Our No. 1 priority is to halve inflation so that we can reduce the upward pressure on interest rates. The hon. Gentleman’s constituents should know that what would make that task absolutely worse is his party’s plans for tens of billions of pounds of unfunded borrowing, which would just exacerbate the situation. What I will say, however, is that homeowners who are worried can ask for help through the support for mortgage interest scheme, which has recently been adjusted. That support is available to them. And my right hon. Friend the Chancellor has spoken to the Financial Conduct Authority to ensure that banks treat all those in difficulty with the fairness and compassion that they need.

Last week I was pleased to deliver my report on the opportunities provided by deep geothermal energy, and I look forward to my visit next week to the opening of the Eden project’s deep geothermal plant, championed by my hon. Friend the Member for St Austell and Newquay (Steve Double). Will the Prime Minister join me in meeting Members who want to emulate my hon. Friend by enjoying the benefits of a deep geothermal plant in their own constituencies?

I thank my hon. Friend for his work on that report: I know that he is rightly passionate about this area. The Government support the development of geothermal projects in the UK, provided that it can be done at an acceptable cost to consumers and in an environmentally friendly manner, and I will ensure that he gets a meeting with the relevant Minister to discuss his report and ideas further.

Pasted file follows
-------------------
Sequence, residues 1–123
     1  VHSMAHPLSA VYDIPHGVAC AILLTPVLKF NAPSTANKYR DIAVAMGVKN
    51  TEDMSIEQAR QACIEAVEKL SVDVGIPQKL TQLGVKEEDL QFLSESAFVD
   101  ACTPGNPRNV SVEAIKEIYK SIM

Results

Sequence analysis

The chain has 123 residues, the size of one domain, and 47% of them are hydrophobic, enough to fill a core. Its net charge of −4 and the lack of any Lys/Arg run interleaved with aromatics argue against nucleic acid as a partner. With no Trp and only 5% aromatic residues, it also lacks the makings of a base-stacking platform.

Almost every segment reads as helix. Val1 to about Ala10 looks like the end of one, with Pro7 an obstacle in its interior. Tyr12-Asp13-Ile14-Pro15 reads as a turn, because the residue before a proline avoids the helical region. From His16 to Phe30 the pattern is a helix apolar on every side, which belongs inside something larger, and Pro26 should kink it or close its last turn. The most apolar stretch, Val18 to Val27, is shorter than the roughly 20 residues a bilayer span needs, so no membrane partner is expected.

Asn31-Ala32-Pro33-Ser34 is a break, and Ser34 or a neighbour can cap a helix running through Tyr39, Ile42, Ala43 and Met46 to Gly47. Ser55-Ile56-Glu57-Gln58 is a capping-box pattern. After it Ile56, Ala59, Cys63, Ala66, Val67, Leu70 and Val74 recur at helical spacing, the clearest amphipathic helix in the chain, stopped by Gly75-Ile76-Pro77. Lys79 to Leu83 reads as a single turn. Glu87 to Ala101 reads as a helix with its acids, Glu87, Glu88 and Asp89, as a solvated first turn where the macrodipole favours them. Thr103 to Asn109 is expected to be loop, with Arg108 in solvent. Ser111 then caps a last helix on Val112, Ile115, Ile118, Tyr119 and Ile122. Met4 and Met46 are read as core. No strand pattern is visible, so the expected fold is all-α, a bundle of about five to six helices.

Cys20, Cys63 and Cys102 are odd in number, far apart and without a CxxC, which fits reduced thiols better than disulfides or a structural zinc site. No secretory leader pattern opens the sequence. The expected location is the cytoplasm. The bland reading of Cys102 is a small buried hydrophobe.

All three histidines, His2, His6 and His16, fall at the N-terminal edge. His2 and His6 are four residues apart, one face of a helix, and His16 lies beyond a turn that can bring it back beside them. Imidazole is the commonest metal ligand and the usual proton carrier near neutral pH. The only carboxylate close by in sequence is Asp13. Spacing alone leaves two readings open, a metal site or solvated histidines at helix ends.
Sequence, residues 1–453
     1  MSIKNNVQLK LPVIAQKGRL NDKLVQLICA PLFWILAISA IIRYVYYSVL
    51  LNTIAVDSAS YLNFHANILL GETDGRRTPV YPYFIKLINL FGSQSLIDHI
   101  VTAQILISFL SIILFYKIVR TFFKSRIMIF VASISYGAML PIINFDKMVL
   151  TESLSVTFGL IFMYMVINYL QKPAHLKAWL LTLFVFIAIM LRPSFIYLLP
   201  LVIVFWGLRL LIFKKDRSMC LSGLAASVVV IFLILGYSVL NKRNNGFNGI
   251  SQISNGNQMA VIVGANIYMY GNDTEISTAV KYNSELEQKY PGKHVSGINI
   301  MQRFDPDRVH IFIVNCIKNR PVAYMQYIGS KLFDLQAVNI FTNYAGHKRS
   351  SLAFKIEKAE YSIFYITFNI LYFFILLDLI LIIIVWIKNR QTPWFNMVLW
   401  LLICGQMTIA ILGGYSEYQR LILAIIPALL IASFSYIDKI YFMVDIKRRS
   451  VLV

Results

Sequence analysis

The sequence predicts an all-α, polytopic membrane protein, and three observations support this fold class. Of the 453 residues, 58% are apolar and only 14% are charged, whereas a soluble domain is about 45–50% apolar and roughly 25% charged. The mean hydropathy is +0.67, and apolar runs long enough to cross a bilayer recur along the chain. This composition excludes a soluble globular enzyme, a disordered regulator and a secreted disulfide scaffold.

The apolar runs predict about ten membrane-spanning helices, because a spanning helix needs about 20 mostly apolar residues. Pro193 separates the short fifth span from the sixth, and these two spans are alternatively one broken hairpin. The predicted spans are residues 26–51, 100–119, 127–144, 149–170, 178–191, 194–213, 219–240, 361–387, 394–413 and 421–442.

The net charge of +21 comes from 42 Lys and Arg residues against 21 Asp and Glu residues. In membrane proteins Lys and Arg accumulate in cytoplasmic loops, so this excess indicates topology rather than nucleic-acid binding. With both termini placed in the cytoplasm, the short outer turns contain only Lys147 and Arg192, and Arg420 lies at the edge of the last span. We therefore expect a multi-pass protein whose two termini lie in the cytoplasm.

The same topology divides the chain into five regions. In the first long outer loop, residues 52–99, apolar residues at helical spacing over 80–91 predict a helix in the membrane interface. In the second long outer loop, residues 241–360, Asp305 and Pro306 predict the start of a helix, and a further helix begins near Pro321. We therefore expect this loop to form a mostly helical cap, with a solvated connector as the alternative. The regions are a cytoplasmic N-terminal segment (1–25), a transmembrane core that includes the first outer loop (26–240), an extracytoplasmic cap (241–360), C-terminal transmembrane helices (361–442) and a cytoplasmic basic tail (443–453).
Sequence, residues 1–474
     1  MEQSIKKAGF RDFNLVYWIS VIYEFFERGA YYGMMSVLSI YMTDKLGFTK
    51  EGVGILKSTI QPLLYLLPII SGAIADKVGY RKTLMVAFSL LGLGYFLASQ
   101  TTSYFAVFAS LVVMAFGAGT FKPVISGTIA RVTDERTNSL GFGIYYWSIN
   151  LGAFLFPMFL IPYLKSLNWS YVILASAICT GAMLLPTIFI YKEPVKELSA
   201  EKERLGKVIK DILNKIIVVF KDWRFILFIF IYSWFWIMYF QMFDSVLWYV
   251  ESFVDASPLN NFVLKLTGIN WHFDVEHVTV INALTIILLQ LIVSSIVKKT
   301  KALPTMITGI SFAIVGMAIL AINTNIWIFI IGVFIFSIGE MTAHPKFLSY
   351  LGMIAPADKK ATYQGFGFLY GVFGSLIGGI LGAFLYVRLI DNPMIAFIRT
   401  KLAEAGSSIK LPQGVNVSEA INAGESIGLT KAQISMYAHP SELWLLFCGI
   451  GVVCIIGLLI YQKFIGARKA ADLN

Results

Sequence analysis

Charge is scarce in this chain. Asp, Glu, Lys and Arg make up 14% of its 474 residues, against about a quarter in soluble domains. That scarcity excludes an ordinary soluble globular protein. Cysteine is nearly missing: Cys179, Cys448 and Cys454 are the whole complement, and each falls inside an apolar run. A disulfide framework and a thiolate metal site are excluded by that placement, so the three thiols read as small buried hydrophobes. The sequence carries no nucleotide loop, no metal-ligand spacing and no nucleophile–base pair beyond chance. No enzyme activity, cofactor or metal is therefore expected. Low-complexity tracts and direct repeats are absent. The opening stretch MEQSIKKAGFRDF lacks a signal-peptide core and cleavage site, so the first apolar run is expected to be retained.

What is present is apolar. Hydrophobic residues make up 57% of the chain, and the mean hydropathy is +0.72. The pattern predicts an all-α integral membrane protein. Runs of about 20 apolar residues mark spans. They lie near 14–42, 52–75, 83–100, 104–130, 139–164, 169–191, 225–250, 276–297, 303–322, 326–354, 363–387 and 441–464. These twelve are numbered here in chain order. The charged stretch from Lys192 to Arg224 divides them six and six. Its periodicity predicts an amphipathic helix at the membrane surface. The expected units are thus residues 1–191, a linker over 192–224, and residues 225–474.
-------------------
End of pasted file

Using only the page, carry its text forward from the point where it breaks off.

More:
Nottingham is devastated by the senseless attacks that took place on our streets yesterday. The thoughts and prayers of the whole city are with the family and friends of those who were killed, and with those who were injured. It is absolutely heartbreaking to see the pictures of Barnaby and Grace, the University of Nottingham students whose young lives, so full of potential, have been tragically cut short. As ever, we thank the emergency services, who acted quickly and courageously to save lives. Will the Prime Minister ensure that his Government provide the police, the universities and others in our city with everything they need to support our constituents following these horrendous events?

Like the rest of the country, I have been moved by the heartbreaking tributes from their loved ones. This is an extraordinarily difficult time and every parent’s worst nightmare. The hearts of the whole country are with the families and all those who have lost their lives. The hon. Lady will, I am sure, understand that I cannot comment further at this stage, given that there is an ongoing situation, but the Home Secretary will be making a statement after Prime Minister’s questions.

My constituents in Ickenham and South Harefield benefit enormously from the work of the police based in the nearby Uxbridge police station, which remains open only because of the campaign by the Conservative-led council to stop the Mayor of London closing it down. Does my right hon. Friend agree that, as we invest in more police, those police need good local police stations to work from?

My hon. Friend puts the point very well. Whether it is campaigning to keep open their local police station or opposing the ULEZ charge that would put up costs for hard-working families, it is the Conservatives in Uxbridge who are delivering for their community.